Human Resources and Nonprofits

Auctioneer presents personal items of late Steelcase heir

November 21, 2014
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Steelcase heir, philanthropist Peter Wege dies at 94
Peter Melvin Wege. Photo via wegefoundation.com

Peter Melvin Wege, the late Grand Rapids icon of generosity, is still giving.

Wege, a Steelcase heir and founder of The Wege Foundation in Grand Rapids, passed away this summer. Yet, some of his assets are still serving his mission of charity: his personal belongings.

Orbitbid.com is hosting an auction of Wege’s residential items on Dec. 3. The auction will begin at 8 a.m., start closing at around 6 p.m. and likely finish up bidding at about 8:30 p.m., said Jon Kuiper, vice president, Orbitbid.com

The Wege Foundation will receive a large portion of the auction’s proceeds.

Since all the items are being stored at Wege’s house in East Grand Rapids, at 2754 Pioneer Club Rd. SE, the estate and The Wege Foundation have requested that there be no preview day for security reasons.

Kuiper said it’s an understandable request, given the personal nature of the auction. The items will be made available for pick up after the auction, with professional movers there to aid in the process.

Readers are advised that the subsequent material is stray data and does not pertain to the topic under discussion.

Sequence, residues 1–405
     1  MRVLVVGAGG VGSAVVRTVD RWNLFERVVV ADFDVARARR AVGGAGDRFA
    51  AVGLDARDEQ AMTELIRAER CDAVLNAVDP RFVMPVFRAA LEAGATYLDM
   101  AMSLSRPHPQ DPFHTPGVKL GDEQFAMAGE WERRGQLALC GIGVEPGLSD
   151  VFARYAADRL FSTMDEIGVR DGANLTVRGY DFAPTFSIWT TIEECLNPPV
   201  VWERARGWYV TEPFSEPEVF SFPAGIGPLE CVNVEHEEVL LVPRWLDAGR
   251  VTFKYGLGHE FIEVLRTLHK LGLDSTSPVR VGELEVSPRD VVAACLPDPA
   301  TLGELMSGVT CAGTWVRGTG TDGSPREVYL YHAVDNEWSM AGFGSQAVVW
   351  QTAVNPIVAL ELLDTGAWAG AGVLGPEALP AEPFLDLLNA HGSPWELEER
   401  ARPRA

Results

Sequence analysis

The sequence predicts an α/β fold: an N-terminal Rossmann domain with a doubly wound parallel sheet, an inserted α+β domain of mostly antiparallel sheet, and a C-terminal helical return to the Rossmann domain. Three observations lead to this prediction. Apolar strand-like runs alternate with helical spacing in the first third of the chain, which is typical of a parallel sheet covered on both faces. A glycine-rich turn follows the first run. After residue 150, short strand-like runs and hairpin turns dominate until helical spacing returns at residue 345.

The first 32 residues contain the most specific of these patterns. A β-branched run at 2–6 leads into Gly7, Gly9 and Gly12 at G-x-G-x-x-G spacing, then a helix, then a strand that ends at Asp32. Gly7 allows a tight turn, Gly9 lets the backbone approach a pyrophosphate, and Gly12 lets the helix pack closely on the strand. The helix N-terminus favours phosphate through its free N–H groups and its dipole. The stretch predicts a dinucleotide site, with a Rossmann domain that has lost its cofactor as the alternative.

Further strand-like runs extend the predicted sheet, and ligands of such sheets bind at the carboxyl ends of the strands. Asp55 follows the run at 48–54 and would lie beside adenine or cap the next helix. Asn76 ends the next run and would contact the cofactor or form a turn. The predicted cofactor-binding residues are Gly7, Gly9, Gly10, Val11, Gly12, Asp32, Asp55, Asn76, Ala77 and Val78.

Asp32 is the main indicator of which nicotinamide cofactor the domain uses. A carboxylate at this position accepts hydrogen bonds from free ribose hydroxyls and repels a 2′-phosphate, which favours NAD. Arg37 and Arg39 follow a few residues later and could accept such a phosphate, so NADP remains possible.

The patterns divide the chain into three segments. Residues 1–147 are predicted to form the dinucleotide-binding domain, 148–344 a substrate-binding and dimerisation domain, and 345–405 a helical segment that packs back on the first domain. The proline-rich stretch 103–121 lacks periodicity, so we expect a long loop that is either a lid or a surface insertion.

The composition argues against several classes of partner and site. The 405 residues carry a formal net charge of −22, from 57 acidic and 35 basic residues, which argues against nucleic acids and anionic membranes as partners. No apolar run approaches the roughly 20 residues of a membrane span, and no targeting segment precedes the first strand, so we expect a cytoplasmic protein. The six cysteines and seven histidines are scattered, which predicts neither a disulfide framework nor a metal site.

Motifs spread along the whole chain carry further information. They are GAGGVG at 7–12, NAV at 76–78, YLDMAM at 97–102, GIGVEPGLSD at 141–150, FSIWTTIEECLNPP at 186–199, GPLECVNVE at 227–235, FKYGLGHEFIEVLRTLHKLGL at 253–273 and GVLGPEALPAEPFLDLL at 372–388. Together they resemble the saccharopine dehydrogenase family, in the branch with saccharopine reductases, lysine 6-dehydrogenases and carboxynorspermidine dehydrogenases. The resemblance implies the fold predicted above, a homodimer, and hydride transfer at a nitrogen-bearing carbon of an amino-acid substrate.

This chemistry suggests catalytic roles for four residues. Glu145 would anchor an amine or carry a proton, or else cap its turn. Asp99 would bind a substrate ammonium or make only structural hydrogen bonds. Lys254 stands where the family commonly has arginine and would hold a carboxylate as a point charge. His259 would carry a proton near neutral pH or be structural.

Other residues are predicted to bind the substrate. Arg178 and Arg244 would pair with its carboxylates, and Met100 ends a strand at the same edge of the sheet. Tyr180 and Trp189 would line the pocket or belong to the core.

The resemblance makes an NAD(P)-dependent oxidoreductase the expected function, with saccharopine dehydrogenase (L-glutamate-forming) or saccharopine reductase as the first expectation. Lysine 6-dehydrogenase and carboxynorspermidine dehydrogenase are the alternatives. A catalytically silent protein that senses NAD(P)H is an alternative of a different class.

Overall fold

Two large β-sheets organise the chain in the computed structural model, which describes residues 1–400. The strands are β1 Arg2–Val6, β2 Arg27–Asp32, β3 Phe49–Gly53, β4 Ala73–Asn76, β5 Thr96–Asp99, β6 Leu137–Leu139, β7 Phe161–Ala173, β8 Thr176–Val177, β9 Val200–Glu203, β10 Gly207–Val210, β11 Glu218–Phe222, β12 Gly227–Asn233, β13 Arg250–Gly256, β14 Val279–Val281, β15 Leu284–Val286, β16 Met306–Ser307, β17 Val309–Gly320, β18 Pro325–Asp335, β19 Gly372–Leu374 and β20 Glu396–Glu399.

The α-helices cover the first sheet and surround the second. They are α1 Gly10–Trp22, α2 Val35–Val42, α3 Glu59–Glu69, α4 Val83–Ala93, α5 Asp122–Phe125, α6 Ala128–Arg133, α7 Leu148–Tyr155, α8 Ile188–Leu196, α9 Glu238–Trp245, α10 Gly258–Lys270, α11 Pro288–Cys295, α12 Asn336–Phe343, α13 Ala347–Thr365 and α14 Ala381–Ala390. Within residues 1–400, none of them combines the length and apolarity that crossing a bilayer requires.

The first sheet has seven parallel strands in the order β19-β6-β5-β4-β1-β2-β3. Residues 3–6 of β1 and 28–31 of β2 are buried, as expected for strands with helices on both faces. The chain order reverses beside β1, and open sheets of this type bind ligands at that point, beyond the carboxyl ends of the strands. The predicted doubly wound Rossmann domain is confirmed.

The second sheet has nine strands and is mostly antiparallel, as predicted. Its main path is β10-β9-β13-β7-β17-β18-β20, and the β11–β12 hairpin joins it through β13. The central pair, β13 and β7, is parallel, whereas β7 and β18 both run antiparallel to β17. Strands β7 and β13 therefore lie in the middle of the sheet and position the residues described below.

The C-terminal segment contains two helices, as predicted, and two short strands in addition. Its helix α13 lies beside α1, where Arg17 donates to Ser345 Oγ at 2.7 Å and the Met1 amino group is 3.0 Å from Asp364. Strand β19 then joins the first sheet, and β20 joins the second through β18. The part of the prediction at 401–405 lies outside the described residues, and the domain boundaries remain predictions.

Up to 600 items

Although the tally of auction-able material isn’t complete, the number of items stands at about 343 and could reach up to 600, Kuiper said.

The auction will feature a wide range of Wege’s personal items: a 2010 Lincoln MKS; Yamaha Disklavier Mark III Grand Piano; bronze sculptures, including “Winchester Rider” (1979, number 111 of 250) and “St. Francis and Bro Bernardo in Prayer” (signed and numbered); and Persian and Indian-Oriental rugs.

House full of thank yous

In all the auctions Orbitbid has overseen, something stood out in this one, Kuiper said.

As he went through the house, he realized that in almost every room, there were thank you gifts from all the people and entities that Wege had contributed to over the years.

“On every wall and desk there was some kind of a thank you, not necessarily notes or letters, but maybe some art on the wall that was given as a thank you,” Kuiper said.

“Even in passing, he certainly continues to give.” 

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